Volume 92, Issue 74

Tuesday, February 9, 1999


Hopefuls face media grilling

Spoke opposes campaigning

Violence to be publicly addressed

Students file strike lawsuit

Alumni centre solves community conflicts

Medical use grows higher

Keep your computer safe from infection

Caught on campus

Shooting blanks


John Botting

Emily Chung

Joey Hammill

Perry Monaco

Nurup Naimji

Kalev Suurkask

SzeJack Tan

Stephen Zolis

Keep your computer safe from infection

Having recently come down with the Arnold Schwarzenegger of flu strains, my thoughts logically turned to computer viruses.

The "why" of these nasty little critters can be a little hard to explain because they are essentially the products of purely malicious minds. Someone decides to create a program whose sole purpose is to cause harm to other people's computers and then decides to spread it as far as possible.

Unfortunately, the internet makes this reach pretty widespread, thus satisfying any closet megalomaniac's urge to wreak havoc upon the masses.

The "how" of viruses is a little easier to explain. They tend to come in two varieties. The first class is called the "Trojan Horse" and it operates much like the original historical Horse. It appears to be an innocent program, but inside is a sub-program designed to cause damage to your system.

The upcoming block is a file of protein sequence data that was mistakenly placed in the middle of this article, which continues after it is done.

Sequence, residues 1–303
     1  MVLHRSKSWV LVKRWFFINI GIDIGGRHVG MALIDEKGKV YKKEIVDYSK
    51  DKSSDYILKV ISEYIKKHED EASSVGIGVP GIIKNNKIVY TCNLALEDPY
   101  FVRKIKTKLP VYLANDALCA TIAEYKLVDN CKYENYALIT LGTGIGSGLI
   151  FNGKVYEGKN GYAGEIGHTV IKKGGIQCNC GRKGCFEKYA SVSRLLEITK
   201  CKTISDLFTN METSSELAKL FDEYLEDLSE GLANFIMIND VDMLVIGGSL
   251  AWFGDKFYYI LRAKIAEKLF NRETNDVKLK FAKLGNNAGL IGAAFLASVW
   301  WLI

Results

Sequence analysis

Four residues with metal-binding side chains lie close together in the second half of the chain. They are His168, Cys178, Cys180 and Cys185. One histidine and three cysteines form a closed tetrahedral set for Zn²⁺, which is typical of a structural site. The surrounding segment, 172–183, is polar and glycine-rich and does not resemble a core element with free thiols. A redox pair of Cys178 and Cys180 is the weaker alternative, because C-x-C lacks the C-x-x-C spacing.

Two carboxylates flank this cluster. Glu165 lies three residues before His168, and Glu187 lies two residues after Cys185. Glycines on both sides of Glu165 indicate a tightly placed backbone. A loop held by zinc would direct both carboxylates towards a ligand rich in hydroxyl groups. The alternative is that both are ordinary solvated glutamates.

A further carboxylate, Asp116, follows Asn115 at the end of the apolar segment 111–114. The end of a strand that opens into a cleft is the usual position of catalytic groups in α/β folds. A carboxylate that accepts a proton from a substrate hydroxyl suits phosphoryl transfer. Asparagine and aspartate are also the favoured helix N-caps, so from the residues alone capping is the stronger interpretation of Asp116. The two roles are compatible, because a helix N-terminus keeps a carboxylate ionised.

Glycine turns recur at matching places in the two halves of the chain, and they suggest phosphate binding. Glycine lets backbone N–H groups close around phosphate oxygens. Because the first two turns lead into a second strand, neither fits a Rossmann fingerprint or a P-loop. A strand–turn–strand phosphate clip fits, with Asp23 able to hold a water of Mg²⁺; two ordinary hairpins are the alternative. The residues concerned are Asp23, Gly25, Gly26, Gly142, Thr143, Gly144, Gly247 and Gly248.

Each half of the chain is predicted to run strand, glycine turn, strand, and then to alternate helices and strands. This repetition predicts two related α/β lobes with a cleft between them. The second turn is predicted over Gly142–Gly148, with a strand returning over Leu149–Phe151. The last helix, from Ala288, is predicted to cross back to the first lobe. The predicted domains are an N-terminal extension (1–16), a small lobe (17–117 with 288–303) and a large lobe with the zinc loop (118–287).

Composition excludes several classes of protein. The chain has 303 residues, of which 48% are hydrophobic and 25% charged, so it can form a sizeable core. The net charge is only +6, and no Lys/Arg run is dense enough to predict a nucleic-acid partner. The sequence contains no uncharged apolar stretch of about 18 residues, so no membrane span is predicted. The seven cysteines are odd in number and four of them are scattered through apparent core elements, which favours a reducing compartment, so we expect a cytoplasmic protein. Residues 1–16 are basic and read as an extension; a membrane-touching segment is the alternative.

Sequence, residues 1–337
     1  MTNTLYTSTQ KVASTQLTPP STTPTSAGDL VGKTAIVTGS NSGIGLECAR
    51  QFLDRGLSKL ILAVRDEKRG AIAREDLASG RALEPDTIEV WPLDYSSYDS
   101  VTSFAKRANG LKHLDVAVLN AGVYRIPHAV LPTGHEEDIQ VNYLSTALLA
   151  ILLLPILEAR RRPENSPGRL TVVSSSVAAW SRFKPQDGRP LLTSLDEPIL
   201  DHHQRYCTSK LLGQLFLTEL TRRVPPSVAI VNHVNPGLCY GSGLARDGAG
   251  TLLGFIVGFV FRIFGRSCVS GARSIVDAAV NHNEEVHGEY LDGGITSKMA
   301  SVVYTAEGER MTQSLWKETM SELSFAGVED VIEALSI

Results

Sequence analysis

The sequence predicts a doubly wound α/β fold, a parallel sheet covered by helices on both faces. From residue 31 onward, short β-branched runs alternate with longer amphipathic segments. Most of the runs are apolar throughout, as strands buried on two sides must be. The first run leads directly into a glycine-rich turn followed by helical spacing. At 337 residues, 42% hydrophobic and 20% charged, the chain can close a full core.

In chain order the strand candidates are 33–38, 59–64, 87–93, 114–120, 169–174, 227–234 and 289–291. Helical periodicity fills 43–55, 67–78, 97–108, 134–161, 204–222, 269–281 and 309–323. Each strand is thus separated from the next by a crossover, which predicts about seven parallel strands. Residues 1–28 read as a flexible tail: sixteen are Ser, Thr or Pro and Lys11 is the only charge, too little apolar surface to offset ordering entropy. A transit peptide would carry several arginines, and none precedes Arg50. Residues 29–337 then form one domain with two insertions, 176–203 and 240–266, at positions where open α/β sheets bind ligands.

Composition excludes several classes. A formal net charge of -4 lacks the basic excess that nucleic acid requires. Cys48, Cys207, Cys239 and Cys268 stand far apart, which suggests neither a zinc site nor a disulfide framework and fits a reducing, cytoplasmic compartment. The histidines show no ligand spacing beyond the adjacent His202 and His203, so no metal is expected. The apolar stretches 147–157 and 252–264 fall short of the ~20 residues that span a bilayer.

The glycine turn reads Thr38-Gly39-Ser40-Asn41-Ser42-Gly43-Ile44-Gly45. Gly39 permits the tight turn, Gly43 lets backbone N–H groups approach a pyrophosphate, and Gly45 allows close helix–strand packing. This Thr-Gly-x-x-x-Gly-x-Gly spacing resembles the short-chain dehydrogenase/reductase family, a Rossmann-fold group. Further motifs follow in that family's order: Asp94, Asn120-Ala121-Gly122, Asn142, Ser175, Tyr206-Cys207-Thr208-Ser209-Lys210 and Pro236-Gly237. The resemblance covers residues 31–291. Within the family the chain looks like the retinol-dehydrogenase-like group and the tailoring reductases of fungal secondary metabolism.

The second class is the more traditional virus, which actively rewrites code in other programs, thus "infecting" the new program. The virus is much more difficult to defeat than the Trojan Horse because it spreads between programs quite rapidly, especially in today's Windows-intensive environment.

The easiest way to protect your computer is to download or purchase one of the major virus suites available today. Mcafee's virus protection (www.mcafee.com) combines the ability to scan and clean with a "virus shield" designed to detect viruses before they are even executed, by scanning every file as it is run. Most other suites include this ability, including Norton Antivirus (www.norton.com) and Anti-Viral Toolkit Pro (www.avp.com).

Of course, like certain other activities (ahem), the best method of protection is abstinence. There are certain areas which tend to be viral hot zones. Most web masters are quite conscientious about maintaining their sites as virus free because web site ownership can be easily traced.

Private file transfer sites, however, are often completely anonymous and thus the downloader has no protection. Newsgroups and IRC downloads carry the same risk. The harder it is to pinpoint the origin of a file, the more likely that it will be infected.

Thus, sticking to less risky areas of the net is your best protection against a viral attack on your computer and sticking to areas outside of my place is your best protection against the flu.

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Copyright The Gazette 1999